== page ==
Head out to purchase a catcher's helmet, and you may feel overwhelmed by the sheer number of options available. Be aware that masks and helmets for catchers usually come in only three sizes, unlike chest protectors and leg guards. Choose between youth, intermediate, and adult, as the back plate is movable, allowing you to obtain a custom, snug fit. The mask and catcher's helmet work to protect the player from injuries to the head and face so corners should never be cut in this area. Choose the best helmet you can afford to obtain great protection at all times.
The catcher helmet works to protect the head, which is very important at any age. Children learning to play baseball or softball often hit foul balls, yet wild swings and wild pitches endanger the catcher also. When the time comes to choose the helmet, you'll find there are two basic types. Some opt to go with the classic mask, yet many leagues now require players to wear hockey-style masks as they tend to offer superior protection.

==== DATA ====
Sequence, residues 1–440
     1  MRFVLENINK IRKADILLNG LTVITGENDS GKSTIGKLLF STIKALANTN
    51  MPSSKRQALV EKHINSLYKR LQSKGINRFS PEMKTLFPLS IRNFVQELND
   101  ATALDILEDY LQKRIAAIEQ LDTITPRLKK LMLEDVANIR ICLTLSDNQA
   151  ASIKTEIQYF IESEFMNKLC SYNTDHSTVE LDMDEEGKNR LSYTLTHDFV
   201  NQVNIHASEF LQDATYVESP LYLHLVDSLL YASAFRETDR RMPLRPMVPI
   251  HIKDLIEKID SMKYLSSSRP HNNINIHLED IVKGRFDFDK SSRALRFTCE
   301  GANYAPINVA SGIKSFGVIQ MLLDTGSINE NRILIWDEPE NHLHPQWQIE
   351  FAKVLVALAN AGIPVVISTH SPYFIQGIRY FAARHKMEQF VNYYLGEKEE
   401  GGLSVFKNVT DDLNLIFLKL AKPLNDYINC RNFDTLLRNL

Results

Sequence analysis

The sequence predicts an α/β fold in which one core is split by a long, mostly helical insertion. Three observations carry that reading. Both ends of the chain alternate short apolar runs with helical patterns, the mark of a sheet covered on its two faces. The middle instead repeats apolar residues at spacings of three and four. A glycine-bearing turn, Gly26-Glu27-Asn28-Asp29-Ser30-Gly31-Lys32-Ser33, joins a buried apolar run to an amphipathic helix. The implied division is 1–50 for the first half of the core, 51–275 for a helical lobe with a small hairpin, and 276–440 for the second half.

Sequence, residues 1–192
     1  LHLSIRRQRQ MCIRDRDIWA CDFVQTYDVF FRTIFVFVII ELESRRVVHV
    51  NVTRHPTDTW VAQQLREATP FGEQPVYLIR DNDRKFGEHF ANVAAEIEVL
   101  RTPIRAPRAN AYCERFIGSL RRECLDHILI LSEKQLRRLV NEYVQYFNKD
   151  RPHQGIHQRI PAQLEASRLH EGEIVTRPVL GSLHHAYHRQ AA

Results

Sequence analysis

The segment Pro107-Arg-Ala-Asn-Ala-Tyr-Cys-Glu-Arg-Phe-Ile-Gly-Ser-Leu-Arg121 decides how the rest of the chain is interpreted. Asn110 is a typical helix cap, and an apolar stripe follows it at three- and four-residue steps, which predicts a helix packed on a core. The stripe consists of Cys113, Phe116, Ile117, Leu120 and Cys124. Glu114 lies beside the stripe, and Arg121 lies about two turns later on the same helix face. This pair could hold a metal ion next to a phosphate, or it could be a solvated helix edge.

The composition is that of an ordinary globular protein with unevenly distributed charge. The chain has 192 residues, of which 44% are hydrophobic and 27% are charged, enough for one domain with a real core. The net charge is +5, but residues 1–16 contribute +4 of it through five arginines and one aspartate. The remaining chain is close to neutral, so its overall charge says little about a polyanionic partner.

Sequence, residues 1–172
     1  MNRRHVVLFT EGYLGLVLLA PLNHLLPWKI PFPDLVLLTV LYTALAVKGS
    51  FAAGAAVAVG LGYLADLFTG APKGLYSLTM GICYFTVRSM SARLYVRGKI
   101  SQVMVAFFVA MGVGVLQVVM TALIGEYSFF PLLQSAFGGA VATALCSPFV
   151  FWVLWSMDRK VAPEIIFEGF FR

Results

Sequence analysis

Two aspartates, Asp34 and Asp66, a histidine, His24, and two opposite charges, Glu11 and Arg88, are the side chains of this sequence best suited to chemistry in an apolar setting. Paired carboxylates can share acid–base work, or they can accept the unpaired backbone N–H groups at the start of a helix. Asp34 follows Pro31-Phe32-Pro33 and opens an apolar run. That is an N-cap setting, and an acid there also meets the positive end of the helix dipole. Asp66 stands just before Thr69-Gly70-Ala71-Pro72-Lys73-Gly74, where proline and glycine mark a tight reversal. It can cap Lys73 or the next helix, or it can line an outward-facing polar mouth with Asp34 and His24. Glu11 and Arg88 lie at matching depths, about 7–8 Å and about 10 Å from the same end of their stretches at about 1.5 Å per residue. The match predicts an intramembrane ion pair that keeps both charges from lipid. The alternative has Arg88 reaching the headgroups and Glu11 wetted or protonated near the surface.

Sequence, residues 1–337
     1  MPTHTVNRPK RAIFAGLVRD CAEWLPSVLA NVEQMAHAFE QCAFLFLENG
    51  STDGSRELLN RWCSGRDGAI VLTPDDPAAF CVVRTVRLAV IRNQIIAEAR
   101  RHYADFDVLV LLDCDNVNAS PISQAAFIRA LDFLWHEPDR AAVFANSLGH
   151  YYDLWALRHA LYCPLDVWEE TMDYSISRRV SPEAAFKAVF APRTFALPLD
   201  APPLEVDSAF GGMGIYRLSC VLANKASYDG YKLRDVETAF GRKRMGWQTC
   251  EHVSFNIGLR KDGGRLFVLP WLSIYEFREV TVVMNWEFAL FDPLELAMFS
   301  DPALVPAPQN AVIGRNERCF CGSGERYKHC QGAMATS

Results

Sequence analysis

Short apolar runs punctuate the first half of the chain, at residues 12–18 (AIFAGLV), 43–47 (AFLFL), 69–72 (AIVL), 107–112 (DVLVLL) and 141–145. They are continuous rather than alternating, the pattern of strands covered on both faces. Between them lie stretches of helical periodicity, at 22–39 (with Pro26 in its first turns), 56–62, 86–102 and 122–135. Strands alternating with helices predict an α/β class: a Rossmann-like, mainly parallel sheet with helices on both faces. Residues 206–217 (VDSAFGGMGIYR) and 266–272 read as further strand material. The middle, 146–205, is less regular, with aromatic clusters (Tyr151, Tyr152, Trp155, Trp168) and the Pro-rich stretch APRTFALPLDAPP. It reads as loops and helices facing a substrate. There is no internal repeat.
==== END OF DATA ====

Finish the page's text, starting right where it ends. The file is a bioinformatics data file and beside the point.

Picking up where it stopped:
The classic mask is simply a face mask, one with padding in the jaw and forehead areas. To use this mask, the player wears a batting helmet, one turned so the brim is on the back of the mask, as this provides the most cranial and facial protection. Many professional players choose this style as it allows them to quickly remove the helmet and mask to catch foul balls. The level of protection is the trade-off, however.
In contrast, a hockey-style helmet offers complete protection of the face and head. This style features a face mask, thick padding on the interior of the helmet, and a solid shell face mask. The mask goes down under the jaw, for additional protection of the neck and throat. This type of helmet does tend to restrict some peripheral vision and is hard to remove quickly, yet the protection offered is superior to that of classic mask and helmet combos.
Don't hesitate to ask for assistance when choosing a mask and helmet for yourself or your child. Protecting one's head needs to be the top priority at all times so take the time to fully understand the differences between the two types. Most recommend hockey-style helmets for younger children, yet the added cost is worth it in both the short and long run.